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5 Changes for Sustainabilty

Life is complicated, sometimes we just need to break down all of the information that bombards us, as well as our tasks, chores, and all those nagging thoughts of what we need to improve. This is my list, created in five minutes, of things I want to improve for personal sustainability.

1. Life balance

Any change you make is only as good as the life you live outside of that decision. Previous generations knew how to work, and they knew how to have fun and enjoy family and community time. This is a skill that many of us need to relearn. The simple joy of working with your hands and building something meaningful can transform the outlook of a white collar worker.

The interior of a Loblaws supermarket in Toronto
Image via Wikipedia

2. Transportation choices and options

Walking is good, cycling is great, driving should become our last choice for the short trips we make to the supermarket, pharmacy or other local store. This summer I intended to get a cargo trailer for my bike, it didn’t pan out, but this is still high on my list for sustainability. As the children get older, riding bikes as a family to get groceries or visit friends will be a sustainable option, particularly with a trailer on one of the adult bikes.

3. Urban Farm and Land Management

With just over 2/3 of an acre to look after, and only a portion of it cultivated for fruit, grains  and vegetables, this is one of the biggest challenges we face. Reducing the frequency of mowing and watering only key areas of lawn, planning a system for collecting rainwater and greywater, continuing compost and nutrient management as seasonal opportunities arise, planning a four season harvest schedule, implementing the SPIN Farming methodology, and participating in formal and informal harvest rescue opportunities are all ongoing projects in our household.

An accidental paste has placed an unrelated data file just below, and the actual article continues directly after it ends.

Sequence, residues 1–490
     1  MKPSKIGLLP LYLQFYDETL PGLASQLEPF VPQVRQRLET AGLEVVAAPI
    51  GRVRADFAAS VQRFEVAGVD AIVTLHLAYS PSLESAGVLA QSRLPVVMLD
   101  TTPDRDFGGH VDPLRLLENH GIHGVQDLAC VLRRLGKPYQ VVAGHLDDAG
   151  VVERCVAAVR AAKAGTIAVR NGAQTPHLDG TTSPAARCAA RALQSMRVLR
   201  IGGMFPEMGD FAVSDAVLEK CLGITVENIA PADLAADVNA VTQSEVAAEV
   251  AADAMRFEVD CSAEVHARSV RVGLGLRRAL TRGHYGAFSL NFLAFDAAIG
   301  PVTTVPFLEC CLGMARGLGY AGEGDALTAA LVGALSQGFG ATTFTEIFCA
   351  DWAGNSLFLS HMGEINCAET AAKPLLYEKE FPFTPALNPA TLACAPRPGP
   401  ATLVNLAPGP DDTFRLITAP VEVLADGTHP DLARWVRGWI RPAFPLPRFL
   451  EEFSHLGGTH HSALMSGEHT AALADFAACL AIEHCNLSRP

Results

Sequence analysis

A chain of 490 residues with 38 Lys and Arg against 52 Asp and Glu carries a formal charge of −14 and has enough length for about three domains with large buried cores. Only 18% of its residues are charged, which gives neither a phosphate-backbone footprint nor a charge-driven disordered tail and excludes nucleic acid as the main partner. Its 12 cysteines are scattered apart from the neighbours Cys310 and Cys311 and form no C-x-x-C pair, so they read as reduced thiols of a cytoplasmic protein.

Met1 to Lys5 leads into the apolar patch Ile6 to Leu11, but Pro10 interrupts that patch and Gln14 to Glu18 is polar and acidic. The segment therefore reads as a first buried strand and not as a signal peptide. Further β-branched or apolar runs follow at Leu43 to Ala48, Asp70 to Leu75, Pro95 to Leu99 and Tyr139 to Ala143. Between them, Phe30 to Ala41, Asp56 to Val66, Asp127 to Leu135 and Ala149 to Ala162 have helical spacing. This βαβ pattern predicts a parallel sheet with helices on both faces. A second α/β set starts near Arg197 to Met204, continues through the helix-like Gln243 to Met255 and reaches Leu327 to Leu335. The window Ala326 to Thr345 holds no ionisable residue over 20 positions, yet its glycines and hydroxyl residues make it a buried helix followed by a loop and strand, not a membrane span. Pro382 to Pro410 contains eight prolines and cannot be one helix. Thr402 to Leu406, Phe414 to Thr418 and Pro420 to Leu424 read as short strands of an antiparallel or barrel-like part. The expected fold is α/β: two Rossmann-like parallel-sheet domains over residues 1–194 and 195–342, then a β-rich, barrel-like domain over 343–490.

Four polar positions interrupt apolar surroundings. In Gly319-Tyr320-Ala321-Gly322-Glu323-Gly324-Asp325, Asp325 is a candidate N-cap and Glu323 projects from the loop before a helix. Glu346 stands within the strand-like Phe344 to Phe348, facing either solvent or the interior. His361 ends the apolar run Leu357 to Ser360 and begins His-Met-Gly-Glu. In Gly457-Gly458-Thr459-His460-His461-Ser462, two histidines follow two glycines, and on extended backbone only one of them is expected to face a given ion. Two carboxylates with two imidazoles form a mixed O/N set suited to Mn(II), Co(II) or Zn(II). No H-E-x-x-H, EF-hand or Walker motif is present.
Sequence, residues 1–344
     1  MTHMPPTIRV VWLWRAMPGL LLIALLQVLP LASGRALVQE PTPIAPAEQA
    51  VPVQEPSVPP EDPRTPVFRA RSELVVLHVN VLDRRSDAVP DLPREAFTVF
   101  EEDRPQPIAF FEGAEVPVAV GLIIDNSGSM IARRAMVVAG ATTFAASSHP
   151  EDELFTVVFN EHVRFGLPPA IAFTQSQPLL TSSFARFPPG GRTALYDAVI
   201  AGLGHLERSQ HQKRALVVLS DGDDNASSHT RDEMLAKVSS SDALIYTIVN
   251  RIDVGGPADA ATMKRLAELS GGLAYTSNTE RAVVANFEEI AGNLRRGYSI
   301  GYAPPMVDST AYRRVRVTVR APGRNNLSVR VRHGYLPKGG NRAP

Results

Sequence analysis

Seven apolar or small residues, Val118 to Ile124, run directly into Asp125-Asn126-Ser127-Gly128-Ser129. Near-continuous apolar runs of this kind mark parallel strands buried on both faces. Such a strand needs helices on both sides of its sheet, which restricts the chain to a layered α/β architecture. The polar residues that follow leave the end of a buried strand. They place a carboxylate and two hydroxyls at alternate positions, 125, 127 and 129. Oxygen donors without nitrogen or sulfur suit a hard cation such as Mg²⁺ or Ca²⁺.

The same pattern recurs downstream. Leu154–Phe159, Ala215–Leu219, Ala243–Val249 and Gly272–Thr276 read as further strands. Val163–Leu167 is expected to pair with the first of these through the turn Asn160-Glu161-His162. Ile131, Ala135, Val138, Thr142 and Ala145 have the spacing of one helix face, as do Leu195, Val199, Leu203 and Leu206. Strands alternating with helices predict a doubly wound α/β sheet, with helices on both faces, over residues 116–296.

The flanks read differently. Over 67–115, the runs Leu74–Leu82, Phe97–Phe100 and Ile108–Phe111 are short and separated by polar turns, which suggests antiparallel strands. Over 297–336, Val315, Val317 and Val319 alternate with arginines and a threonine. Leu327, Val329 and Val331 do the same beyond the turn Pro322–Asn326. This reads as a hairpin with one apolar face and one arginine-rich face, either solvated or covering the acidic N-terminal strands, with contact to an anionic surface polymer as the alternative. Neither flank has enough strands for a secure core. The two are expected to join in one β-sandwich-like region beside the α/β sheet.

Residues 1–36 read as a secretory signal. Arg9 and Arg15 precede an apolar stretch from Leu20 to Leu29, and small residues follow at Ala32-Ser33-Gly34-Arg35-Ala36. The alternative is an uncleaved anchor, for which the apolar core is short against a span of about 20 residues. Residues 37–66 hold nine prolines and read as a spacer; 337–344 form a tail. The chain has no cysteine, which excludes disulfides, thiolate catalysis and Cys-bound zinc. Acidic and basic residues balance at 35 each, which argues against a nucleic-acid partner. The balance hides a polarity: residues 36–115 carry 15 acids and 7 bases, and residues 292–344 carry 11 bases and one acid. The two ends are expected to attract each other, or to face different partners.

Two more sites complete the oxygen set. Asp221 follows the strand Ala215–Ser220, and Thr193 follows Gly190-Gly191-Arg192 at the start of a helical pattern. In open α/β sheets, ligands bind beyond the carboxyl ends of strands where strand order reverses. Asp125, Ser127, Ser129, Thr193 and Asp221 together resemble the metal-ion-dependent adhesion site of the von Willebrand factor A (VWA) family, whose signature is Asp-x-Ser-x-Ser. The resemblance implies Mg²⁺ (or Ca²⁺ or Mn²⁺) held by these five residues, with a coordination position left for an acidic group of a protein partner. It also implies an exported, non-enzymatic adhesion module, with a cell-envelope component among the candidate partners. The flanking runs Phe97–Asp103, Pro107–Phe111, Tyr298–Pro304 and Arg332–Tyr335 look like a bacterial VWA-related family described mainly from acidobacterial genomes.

4. Home Energy Efficiency

The house we live in is over 40 years old. Some renovations had been undertaken prior to our purchase of the property, but there are still inefiiciencies that can be addressed through time and technology. These projects will improve the summer and winter comfort of our home, and obviously reduce our heating expenses as well.

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5. Diet and Consumption

Eating meat is one of the worst things one can possibly do for the planet. We need to get back to a pre-oil/industrialized diet that is based on grains, pulses, starchy vegetables and the fruits of the season. For me, this actually means learning to cook and enjoy some of these foods, and discovering which ones will grow locally, or within a reasonable distance of Castlegar. Overall, to be sustainable, we need to focus our lives on less stuff. Less gadgets, less toys, less power tools, less vehicles, less meat, less packaging. Less.

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What challenges do you face on the path to sustainability?

Mike Thomas

Mike Thomas P.Eng. ENV SP, is the author of UrbanWorkbench.com and Director of Engineering at the City of Revelstoke in the Interior of British Columbia, Canada. If I post something here that you find helpful as you navigate the world of engineering, planning and building communities, that’s wonderful. But when push comes to shove: This is my personal blog. The views expressed on these pages are mine alone and not those of my employer.